Social Media identity problems
It’s time for social media and dating apps to face the music and curb fraud, deception and disinformation on their platforms once and for all.
In the beginning, social media and dating apps represented small corners of the internet with just a handful of users. Today, Facebook and Twitter are so big they influence elections, make or break vaccine campaigns, and move markets.
Dating apps like Tinder and Bumble are not far behind, with millions upon millions of people looking to their services to meet their “forever” mate.
But the fun and games are over now. You’ve chosen profit over trust and safety. You have created a gateway for identity theft and online fraud.
Today we all have a friend who’s been “catfished” on Bumble or Tinder; we all have family members who’ve been victimized by online Twitter and Facebook scams. Every day, we hear of new cases where malicious actors steal identities — or create fake new ones — to commit fraud, spread misinformation for political and commercial gain, or promote hate speech.
In most industries, users with fake identities really only impact the business. But when trust is broken on dating and social platforms, it harms users and society at large. And the financial, psychological — and sometimes physical — impact on a person is real.
So who’s accountable for stopping or combating this rise in fraud? Clearly, not the platforms themselves. Although some claim to be taking action.
Catfishing is serious business
It’s not difficult to imagine this scenario: You meet someone online and start a conversation. The person says the right things, asks the right questions. The relationship starts to feel “real” and you begin to sense kinship. Before you know it, it escalates; all your guards are down and you become impervious to red flags. You go as far as calling it, love.
You and your new significant other make plans to finally meet in person. They claim they don’t have money for the trip. You trustingly and lovingly send the money, only for this person to ghost shortly after.
While some catfishing incidents resolve on their own with minimal harm inflicted, others — like the example above — can lead to financial extortion and criminal activity. Reported losses to romance scams reached a record $304 million in 2020, according to the Federal Trade Commission.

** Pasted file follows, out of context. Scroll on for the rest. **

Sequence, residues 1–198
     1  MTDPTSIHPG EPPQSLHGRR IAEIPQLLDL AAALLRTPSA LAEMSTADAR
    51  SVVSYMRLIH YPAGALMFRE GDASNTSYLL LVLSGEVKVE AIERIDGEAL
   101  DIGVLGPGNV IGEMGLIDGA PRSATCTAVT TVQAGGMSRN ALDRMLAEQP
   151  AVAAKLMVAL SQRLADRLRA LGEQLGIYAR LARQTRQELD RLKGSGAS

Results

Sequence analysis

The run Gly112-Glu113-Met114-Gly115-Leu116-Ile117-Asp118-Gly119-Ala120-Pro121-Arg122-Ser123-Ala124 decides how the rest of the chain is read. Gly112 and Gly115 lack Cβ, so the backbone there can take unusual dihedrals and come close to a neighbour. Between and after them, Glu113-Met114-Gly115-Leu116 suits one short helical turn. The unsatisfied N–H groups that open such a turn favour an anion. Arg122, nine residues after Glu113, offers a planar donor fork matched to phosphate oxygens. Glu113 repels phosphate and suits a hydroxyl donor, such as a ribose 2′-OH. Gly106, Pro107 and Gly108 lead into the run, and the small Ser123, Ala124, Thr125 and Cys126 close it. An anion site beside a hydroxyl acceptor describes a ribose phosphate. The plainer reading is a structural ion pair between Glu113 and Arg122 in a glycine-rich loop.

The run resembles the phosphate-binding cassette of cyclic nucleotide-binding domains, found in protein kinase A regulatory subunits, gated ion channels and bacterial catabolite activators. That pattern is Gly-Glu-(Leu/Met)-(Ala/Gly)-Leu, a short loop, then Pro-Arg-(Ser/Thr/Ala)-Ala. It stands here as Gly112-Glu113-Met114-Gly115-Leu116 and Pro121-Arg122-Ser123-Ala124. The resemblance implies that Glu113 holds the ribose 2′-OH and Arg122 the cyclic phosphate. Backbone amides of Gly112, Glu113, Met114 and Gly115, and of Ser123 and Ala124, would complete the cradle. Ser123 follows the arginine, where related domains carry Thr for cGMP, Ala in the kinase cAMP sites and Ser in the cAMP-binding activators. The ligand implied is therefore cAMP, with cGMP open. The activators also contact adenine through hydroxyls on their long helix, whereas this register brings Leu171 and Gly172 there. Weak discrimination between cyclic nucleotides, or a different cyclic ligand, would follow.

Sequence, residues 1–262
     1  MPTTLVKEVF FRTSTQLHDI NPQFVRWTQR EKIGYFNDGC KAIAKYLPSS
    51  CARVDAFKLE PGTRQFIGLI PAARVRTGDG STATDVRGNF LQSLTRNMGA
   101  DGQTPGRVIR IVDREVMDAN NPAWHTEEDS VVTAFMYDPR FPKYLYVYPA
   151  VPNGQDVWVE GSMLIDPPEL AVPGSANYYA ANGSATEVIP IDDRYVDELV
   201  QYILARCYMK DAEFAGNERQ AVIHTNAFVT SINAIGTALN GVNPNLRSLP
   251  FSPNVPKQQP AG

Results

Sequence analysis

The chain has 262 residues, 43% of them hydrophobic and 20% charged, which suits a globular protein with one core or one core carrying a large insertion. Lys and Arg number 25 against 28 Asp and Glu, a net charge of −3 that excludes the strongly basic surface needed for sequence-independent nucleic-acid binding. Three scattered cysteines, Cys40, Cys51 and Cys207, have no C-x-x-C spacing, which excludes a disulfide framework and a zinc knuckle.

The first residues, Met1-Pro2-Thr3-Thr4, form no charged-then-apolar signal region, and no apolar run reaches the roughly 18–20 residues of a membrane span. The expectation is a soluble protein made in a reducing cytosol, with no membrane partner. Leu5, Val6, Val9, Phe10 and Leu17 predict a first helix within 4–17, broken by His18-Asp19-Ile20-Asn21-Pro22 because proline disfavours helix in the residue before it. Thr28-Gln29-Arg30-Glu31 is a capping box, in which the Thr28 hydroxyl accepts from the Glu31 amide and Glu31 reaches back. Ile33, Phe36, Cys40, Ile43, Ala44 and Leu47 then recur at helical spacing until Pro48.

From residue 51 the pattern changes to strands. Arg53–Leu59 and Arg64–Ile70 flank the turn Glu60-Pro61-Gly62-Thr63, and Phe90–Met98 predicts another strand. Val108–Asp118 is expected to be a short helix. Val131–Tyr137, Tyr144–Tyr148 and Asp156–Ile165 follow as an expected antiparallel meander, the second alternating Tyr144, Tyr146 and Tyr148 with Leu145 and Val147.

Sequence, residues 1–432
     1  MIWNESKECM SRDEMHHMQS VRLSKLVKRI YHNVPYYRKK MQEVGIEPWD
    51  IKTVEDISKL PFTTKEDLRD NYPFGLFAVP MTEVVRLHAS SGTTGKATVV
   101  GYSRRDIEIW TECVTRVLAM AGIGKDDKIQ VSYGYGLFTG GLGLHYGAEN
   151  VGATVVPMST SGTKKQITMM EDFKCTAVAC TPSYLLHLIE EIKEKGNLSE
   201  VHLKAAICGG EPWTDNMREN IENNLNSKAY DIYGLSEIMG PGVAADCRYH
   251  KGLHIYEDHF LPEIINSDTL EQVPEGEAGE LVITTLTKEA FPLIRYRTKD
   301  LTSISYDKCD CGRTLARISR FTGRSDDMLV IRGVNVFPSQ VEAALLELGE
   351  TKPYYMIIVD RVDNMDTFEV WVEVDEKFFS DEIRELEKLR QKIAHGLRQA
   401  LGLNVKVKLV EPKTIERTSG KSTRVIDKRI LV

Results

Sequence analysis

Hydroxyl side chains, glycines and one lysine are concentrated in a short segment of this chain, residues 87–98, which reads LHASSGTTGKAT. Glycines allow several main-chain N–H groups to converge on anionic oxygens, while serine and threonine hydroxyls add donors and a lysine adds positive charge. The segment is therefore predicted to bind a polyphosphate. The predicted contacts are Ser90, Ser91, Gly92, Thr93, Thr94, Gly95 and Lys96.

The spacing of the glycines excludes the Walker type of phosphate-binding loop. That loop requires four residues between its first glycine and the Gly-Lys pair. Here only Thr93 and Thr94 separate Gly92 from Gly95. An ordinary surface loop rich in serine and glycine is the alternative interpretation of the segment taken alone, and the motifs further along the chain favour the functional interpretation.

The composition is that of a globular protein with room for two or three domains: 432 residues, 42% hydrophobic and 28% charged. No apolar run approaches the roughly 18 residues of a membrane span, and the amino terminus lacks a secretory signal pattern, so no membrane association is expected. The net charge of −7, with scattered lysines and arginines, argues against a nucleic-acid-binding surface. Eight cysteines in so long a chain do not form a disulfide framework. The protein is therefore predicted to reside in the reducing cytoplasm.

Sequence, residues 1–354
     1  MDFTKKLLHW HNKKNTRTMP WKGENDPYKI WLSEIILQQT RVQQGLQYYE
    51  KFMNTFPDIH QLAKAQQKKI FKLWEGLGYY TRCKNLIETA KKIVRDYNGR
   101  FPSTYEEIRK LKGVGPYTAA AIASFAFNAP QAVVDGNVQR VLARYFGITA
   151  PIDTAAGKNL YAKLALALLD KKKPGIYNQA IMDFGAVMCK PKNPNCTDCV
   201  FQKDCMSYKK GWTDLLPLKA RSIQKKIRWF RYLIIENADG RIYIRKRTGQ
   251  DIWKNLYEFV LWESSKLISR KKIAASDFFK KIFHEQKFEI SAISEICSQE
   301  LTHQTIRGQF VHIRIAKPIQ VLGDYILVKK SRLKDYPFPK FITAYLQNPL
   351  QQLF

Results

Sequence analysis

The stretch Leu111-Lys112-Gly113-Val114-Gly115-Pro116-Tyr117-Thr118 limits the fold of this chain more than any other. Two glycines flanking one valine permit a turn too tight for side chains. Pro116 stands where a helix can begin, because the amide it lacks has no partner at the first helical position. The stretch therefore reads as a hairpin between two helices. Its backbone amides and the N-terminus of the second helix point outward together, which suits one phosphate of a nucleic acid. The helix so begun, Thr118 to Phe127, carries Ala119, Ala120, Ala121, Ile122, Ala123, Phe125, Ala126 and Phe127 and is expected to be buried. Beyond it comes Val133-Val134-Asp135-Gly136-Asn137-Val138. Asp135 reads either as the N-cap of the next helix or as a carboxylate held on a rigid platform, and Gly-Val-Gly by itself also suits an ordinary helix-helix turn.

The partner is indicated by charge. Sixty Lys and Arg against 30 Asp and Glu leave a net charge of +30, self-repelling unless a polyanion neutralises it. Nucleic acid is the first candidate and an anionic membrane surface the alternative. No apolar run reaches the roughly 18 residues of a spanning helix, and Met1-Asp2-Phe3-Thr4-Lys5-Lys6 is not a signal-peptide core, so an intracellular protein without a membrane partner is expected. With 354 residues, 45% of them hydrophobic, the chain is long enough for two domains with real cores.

On social networks, identity verification can be a double-edged sword
Romance scams aren’t specific to dating apps; about one-third actually begin on social media. But there are many other reasons to verify identity on social networks. Consumers might want to know if they are engaging with the real Oprah Winfrey or Ariana Grande or some parody account; Winfrey and Grande probably also want that distinction to be apparent.
Today, Facebook and Twitter offer a “verification” review process that awards authentic accounts with a blue checkmark. But this is far from foolproof. Twitter recently paused its “verification” program because it incorrectly verified a number of fake accounts.
Facebook has done more. The social network has long imposed identity verification conditionally, for example, if a user is locked out of their account. They also base identity requirements on content posted, where certain behaviors, words, and images trigger a block of the poster, pending verification and human review.
The identity arms race
When bad actors create fake identities on dating apps and social media to defraud and harm others, it damages public trust and undoubtedly impacts revenue for these platforms. Social media platforms wrestle daily to reconcile their business objectives of maximizing usage with protecting user privacy — or face increased regulation and loss of consumer trust.
It’s vital to protect identities from thieves and hackers who would misuse them. Imagine a fake Twitter or Facebook account claiming to be you, spreading hate statements. Without a way to disprove your involvement, you might lose your job or worse.
Social Media identity problems